1 point – Your market has enough people to support your business. Note you can get creative here. For example, there are local SEO experts who specifically serve specific rural zones. Miriam Ellis put out a wonderful step-by-step guide on starting an seo agency aimed specifically at helping these very small businesses in these very small places, and doing so in a way that was beneficial and do-able for all parties.
1 point – You’ve researched your market, and it isn’t already saturated with other local SEO businesses who have positioned themselves in exactly the same way.
1 point – You are ready to take advantage of the in-person marketing methods that will make this work: meetups, networking events, trade shows, and running community seminars. The idea of shaking hands and exchanging business cards offline is exciting to you.
#4. Specialize in solving a specific, common problem
Let’s looking at three classes of business that have specific local SEO problems.
1. Service-area business. If you go this route, you’re essentially specializing by industry, too, as this is mostly going to be home services professionals.
Still, they have some real challenges ranking in all the cities they want to work in. If you can help them solve those challenges, you could be well-positioned to sell to them.
If you were already considering making contractors your target niche, you can give yourself an additional point in the contractor category.
2. Multi-location businesses. They can get snarled up fast. They suffer issues with website architecture, with managing listings as locations open and close, and with funneling reviews to the correct location. Things only get more complicated when the company is a national one. Do you know how to solve these problems?
3. Franchise businesses. Which means you’ll have to navigate the complex ways franchise owners interact with corporate oversight, mastering dozens of business models while convincing multiple stakeholders you’re the right fit.
1 point – You already have extensive experience with or a stellar reputation for solving these problems.
1 point – You have experience in selling services to larger companies, and know how to get to the decision makers in these companies.
1 point – You have people in your network who fit one of these three business models, and thus have a good source of referrals and early business all lined up.
After You Score
You’ll probably have at least two front-runners. For example, I earned 2 points for serving as a generalist, 3 points for realtors, 3 points for targeting the local area, and 4 points for lawyers and contractors.
You can also combine them.
If you see you’ve got more than enough lawyers or contractors in your local area to support a very healthy business, then you could drill right down to “serving contractors in Seattle, Washington,” or even, “serving lawyers in Washington State.”
If I did that, I’d have a solid 7 points either way.
Building a local SEO consultancy or local SEO agency?
There are some questions you really should ask yourself before you make the choice. An SEO consultant business plan isn’t vastly different from a consultant’s business plan until you start scaling, but the intent to scale is important.
Do I like the idea of hiring, firing, and managing people?
Hiring people is a whole to-do. You have to make sure you’re in compliance with federal and state laws. You have to be ready to handle payroll taxes. In almost every state, you’ve got to buy worker’s compensation insurance.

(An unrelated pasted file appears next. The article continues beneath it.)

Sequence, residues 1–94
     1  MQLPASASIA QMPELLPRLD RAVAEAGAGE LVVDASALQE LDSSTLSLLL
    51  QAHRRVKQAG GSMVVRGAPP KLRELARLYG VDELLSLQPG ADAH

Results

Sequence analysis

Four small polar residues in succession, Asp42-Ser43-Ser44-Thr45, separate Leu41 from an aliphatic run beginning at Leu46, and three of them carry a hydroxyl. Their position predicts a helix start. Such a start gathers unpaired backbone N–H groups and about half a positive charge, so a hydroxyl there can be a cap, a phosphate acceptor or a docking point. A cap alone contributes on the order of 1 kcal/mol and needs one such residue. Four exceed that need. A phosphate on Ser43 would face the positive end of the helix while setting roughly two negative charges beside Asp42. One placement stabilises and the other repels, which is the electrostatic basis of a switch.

In fact, hiring your first employee could mean loading up on all kinds of new insurances.
Then there’s the process of hiring and training your first employee. Handling them if they suck at what they do. Firing them if they continue to suck at what they do.
Eventually all this people management stuff will become 99% of your job, because they’ll be out doing all the selling and the actual SEO.
Of course, if you want to make millions at this, then this is the only way to go.
Will I be satisfied with the income I can earn as a solo operator?
You are unlikely to make millions as a solo operator. You’re essentially creating a job for yourself. Your ability to make money will eventually be capped and limited by your time.
Of course, you’ll also be able to keep more of that money in your pocket. You won’t be paying it out to employees or sending as much of it to the IRS. You won’t be paying for an office, which a big agency might eventually need with a large remote workforce.
It’s okay to say you don’t care about making millions, by the way. Not everybody wants that. It’s just important to be realistic about your expectations.
Do I need someone whose skill set strengths compliment my skill set weaknesses?
You’re an amazing SEO consultant, but you hate sales? You might need a gregarious friend who can do all the talking.
You suck at money? Maybe you need someone who is good at it so you don’t go broke.
You don’t have to go full agency to take advantage of a partnership: you could get the best of both worlds by choosing one or two solid partners to take care of all the stuff you suck at.
There are many agencies operating from this very model.
Am I comfortable partnering with marketing agencies who do what I don't?
If you’re going to stay small you might want to partner with other agencies just so you don’t have to tell clients, “No, I don’t do that.”
This can be an incredible way to earn new business as well, as strong partners will keep sending people your way, too. You just really need to start building those partnerships before you’ve got clients to deal with.
Nailing down your unique selling proposition (USP)
You need a way to stand out.
If you look closely, you’ll notice a lot of agencies kind of spout the same old drivel. Look at any five agency websites, and you’ll have trouble remembering who was who an hour later. You’ve got to try to stand out.
Your USP may be related to your niche, but niche isn’t enough. It could be something like these options.
Really give it some thought. If you are tempted to say “experience” or “customer service,” go back to the drawing board. Everyone thinks they’ve the bees knees when it comes to customer service, and nobody cares about your combined 75 years of experience, or whatever.